Thank you everyone. We recently lost our little 13 year old beagle Peyton back in March due to cancer and now Chip so this is really hard. I realize you only know Don and I from photographs that you see so I am going to do my best right now and try to fight my emotions to tell you a little bit more on what happened to Chip so if I ramble on please forgive me. Looking at the forum, I did not realize the last photo taken of him was under the rainbow, so that doesn’t make it any easier. On Saturday, the boys came in to get under their fans. Don and I had to leave for just a couple hours to take care of errands. When we got home Chip was sweating profusely and in a lot of pain. We gave him Banamine and called the Vet immediately. In the meantime we tried to keep him up which was a battle itself and keep him walking and trying to cool him down. When Dr. Britni arrived, we gave him relaxers, tubed him, and gave him some pain medication. Chip seemed to start responding to meds. He had no fever and his heart rate started coming down. He started have belly rumbles and had started to cool down for us. Dr. Britni thought we were through the worst for all signs were leading positive. Dr. Britni gave him another sedation shot to keep him relaxed. At this point, to the amazement of Dr. Britni and ourselves, as sedated as Chip was, he was able to get up and walk himself to the stall because he wanted to be under his fan. He is one tough little horse. That night late we checked on him – Chip was up, dry, and had ate his hay so we thought we would let him be so he could relax from the ordeal. Little did we know that the next morning the ordeal was far from being over. We called Dr. Britni again and we together had to make the heartbreaking decision of saying goodbye to Chip. Through the whole process, we never left his side. Dragon was with us also. We did everything humanly possible to save him even talking possibility of surgery. But, with Chip’s age and what was going on inside him, and what he would endure afterwards, surgery was not an option. Since then, I have spoke with other Vets, and they all agreed, we did the right thing for Chip. All we have now is sweet memories of him: loving his carrots and apples, always running out to greet us when we got home, always wanting to be first in everything, and always trying to open doors and gates and I could go on and on. It just shows how quickly things can change in a matter of minutes.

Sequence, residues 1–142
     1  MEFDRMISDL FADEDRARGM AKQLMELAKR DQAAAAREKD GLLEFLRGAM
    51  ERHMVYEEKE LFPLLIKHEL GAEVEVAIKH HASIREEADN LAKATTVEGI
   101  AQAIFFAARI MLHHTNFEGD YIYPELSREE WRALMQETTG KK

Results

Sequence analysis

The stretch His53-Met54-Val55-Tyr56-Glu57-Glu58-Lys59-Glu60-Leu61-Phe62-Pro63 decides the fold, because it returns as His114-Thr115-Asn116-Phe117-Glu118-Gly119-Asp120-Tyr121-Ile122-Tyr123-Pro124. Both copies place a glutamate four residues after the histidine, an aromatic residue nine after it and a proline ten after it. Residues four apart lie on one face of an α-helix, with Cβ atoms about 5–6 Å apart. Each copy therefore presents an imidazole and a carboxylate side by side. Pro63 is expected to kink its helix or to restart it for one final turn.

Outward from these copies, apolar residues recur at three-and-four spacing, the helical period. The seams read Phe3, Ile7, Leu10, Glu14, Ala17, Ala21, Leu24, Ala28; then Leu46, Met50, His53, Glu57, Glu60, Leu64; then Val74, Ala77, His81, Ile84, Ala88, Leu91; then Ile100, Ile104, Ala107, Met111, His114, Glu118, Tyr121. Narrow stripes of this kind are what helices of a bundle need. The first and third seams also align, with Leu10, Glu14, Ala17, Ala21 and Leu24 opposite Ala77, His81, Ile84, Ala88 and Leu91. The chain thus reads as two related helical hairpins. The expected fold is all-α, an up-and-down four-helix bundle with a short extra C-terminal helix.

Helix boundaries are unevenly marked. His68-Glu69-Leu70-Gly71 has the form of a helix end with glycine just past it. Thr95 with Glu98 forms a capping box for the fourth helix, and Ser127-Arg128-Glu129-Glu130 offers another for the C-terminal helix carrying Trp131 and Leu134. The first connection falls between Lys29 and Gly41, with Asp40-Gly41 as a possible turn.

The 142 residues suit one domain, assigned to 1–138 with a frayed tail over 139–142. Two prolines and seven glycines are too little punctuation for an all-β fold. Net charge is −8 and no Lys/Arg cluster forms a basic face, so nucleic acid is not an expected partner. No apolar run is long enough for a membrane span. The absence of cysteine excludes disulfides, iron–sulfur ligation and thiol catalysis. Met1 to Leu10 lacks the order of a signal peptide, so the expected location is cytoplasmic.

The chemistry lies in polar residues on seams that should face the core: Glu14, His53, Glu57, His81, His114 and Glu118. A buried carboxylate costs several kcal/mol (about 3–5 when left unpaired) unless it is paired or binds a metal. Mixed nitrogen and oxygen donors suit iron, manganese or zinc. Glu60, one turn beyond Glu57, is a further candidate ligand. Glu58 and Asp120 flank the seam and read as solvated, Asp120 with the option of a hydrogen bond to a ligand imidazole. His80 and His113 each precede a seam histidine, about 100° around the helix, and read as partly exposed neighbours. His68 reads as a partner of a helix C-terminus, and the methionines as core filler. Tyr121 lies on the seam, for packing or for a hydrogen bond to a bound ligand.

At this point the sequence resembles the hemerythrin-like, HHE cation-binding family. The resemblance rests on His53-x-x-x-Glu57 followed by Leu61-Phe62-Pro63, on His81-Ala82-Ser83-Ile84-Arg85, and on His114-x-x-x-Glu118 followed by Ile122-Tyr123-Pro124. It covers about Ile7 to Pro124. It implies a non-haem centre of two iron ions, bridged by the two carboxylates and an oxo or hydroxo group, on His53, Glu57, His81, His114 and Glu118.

Dragon has his moments, but is coping very well at this point. We are keeping his routine the same and that helps him a lot also. Don and I promised these two horses that this would be their forever home and they would never want or need anything again and we are doing the best to live up that. A working friend of Don’s has horses and had offered to let us have a 22 year old retired show horse a couple years ago. We did not have room for him at the time because we had the boys. We called him and by a ray of sunshine, he still has the horse and will be bringing him over in a couple days so Dragon will have a buddy again soon. We told Dragon he didn’t have to worry, he wasn’t going anywhere, this was and always will be his home here with us.
I can not express to you out there on this forum how much we cared for and loved Chip and Dragon. They quickly became our kids and we adored them. They never wanted for anything. As I told Scott and Karen, we often question why we keep putting ourselves through this agony and heartbreak. It’s because the animals become our children and we love them. Give your horses and pets a hug for us and never take anything for granted.
We will keep you posted on Dragon and his new friend.
Thanks again for listening.